Lionel Chang:
Well, first my name is Lionel Chang, I’m a qualified plastic surgeon, a member of the Australian Society of Plastic Surgeons. I’m here to talk to you about Asian eyelid surgery which is the most popular operation in Asia because the way most Asian’s eyes looks. They love to have this procedure because it does change their face significantly and make them more attractive.

Well, I guess the people view Asian eyelids as a little bit narrower, or slit line. The reason why it’s look like that is because when the eye is open the skin drapes down and covers the top of the eye to make it look narrower. By raising that you’re not only adding feature to the upper eyelid but it makes the eye look bigger and because of that it looks more attractive. That’s why most Asian young women anyway want to have that kind of configuration.

Yes, the difference between Asian and Caucasian is not just a single factor, it’s not just the eyelid. People call the Asian the slit eye but in fact there’s a variety of things like hair colour, skin colour, the colour of the eye. Obviously, bone feature is a big thing because it influences the way the skin falls and the configuration and order sort of thing. If you look at the differences that in Caucasian they’re very prominent in the brow region, the supraorbital over the ridge and the nose is much bigger or forward projecting, especially in the bridge area of the nose.

Also, the Caucasians tend to have deep setting eyes. That means their socket is located a little bit back in the head and the eye is located backwards. Because of that when they open their eyelid their eyelid sort of slides up on top of the eyeball under the supraorbital shelf whereas in the Asian it’s the reverse. Their face tends to be relatively flat and the nose, especially the bridge area, is a little bit retruded. The orbit is a little bit shallow and more forward placed and because the eyeball is pushed forward by that it looks a little bit popped eye, so to speak. Because of that the eyelid tends to go up and down rather than slide under the supraorbital shelf. These are all the differences in feature that distinguish the two groups of people.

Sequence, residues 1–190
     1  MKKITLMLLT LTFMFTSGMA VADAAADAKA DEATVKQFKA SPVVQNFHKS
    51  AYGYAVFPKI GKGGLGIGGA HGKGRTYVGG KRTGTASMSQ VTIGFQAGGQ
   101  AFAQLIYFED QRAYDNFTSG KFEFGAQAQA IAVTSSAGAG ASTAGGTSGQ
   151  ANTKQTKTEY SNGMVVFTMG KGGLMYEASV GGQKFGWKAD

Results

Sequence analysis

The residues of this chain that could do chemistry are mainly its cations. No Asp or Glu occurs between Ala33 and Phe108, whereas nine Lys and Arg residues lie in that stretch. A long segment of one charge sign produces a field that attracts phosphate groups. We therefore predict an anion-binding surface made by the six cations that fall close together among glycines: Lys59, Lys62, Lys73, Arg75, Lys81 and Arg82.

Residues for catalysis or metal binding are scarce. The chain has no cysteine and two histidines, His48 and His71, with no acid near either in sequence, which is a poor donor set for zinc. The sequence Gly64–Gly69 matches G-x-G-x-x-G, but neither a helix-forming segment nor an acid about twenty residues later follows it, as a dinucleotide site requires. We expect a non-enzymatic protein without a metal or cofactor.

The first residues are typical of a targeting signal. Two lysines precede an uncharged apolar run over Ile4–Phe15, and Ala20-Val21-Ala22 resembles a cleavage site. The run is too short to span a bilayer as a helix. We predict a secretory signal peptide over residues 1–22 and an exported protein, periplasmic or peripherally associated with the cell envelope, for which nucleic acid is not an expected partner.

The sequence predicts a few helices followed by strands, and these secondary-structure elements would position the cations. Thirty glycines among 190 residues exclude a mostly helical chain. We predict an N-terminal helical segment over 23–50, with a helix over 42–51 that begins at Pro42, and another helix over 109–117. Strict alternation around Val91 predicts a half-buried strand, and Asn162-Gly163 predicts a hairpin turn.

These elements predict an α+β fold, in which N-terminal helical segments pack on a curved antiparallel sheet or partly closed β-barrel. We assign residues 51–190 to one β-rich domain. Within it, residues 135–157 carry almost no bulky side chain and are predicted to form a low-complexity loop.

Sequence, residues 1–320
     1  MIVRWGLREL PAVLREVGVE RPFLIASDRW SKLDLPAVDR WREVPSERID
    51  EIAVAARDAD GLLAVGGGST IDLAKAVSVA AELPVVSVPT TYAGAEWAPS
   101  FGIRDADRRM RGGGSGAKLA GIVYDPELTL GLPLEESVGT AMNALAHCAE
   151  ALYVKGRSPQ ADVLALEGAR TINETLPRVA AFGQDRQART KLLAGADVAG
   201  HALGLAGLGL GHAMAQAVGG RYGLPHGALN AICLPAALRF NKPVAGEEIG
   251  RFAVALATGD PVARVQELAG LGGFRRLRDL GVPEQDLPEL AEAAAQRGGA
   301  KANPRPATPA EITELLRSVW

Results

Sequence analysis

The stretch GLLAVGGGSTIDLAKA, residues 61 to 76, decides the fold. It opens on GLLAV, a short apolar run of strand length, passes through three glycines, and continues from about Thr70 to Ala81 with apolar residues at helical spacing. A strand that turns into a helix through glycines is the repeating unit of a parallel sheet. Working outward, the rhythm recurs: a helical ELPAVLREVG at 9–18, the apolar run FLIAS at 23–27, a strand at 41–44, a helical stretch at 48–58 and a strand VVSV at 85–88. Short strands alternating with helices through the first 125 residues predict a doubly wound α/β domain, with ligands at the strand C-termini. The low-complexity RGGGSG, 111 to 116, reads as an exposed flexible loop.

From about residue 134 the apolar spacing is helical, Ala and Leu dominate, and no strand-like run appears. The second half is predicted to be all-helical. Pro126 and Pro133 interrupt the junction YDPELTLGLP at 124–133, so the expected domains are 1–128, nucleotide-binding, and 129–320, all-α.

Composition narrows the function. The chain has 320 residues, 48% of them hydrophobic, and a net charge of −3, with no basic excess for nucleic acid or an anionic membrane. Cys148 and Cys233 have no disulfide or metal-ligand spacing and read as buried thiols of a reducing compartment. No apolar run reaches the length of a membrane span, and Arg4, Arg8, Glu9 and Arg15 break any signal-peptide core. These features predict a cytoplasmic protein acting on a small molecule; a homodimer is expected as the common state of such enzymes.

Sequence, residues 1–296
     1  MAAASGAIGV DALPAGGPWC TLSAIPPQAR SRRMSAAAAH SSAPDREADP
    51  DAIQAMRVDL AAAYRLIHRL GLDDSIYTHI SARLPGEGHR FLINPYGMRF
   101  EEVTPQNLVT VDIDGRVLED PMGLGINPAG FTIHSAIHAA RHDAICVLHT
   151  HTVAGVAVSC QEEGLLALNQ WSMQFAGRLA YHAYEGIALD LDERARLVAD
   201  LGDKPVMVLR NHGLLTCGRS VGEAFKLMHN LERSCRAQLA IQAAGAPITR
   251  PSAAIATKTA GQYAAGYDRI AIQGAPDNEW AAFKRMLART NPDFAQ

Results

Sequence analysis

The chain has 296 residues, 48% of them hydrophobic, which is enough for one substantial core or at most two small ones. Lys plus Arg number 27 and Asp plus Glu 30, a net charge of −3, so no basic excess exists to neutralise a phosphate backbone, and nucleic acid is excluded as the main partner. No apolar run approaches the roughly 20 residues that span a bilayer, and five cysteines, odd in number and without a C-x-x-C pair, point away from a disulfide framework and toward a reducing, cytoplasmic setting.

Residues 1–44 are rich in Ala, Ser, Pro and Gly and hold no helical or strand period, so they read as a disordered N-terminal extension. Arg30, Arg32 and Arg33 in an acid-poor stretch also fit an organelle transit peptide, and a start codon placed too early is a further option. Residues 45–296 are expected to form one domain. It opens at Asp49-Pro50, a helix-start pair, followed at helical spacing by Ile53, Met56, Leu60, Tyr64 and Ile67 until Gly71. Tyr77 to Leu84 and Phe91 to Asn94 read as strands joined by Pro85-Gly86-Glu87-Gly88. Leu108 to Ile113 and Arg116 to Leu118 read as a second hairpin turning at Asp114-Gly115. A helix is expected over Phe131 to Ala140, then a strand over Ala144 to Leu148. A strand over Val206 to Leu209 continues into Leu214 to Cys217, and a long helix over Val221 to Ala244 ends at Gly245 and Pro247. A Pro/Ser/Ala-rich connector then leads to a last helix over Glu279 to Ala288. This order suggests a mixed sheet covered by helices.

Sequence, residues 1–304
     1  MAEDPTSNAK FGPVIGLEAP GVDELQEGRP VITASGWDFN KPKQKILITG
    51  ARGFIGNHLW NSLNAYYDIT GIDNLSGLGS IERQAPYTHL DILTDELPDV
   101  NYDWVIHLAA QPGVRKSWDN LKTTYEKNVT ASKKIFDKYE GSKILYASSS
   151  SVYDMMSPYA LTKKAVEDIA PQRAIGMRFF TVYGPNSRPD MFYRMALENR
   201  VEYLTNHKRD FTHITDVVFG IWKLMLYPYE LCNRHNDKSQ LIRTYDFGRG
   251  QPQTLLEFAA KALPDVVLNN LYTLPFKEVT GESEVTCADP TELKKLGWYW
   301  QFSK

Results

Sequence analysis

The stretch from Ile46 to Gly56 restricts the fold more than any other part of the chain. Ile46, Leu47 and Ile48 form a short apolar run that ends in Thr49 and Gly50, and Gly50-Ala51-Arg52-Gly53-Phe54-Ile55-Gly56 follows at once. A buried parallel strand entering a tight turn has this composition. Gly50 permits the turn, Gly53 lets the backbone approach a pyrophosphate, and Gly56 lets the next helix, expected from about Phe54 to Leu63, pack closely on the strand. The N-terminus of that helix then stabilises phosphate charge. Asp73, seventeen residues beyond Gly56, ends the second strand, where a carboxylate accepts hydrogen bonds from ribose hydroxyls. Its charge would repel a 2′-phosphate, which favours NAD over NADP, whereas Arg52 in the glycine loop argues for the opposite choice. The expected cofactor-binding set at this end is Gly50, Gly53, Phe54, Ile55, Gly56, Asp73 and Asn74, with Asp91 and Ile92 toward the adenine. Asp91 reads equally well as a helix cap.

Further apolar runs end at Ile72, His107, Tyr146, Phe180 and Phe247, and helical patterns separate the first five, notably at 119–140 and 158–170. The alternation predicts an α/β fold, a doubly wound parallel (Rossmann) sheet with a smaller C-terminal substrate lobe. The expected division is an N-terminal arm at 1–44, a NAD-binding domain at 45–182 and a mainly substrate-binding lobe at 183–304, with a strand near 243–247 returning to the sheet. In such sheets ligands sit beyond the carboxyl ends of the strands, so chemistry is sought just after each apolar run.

Well, like everything else in like handiwork or painting, an artist can do a better job than somebody who sort of has no idea of the concept of beauty. I think the concept of beauty is important. Not everybody has a good grasp of that. Secondly is the skill of the surgeon. You know, it’s a very delicate operation and you’re very close to the eye so you have to be very skilful. I think these two factors are very important. One is the artistic flair and the other is the surgical skill.

Mainly at Burwood in Sydney, that’s where my main practise is located and the surgery is also performed there under local anaesthesia. I prefer to do them under local anaesthesia than general anaesthesia for two very obvious reasons; one is cost – because if you need to go to hospital and do under general anaesthesia you got to pay the hospital, you got to pay the anaesthetist. That more than doubles the cost. Secondly is that it’s safer to do it under local anaesthetic because you’re fully awake and the surgeon has to be more careful. Therefore, that’s good for the patient. Thank you, Trish.


Trish is a plastic surgery blogger. She is passionate about wellbeing, health and beauty, and doesn't mind a little bit of 'help' from the amazing cosmetic and beauty procedures that are available today. Trish spends her days talking to women and men who are looking for suggestions and advice on procedures that are available to them. Cutting through the sales pitch and hype, a down-to-earth response on general information is what you will get.

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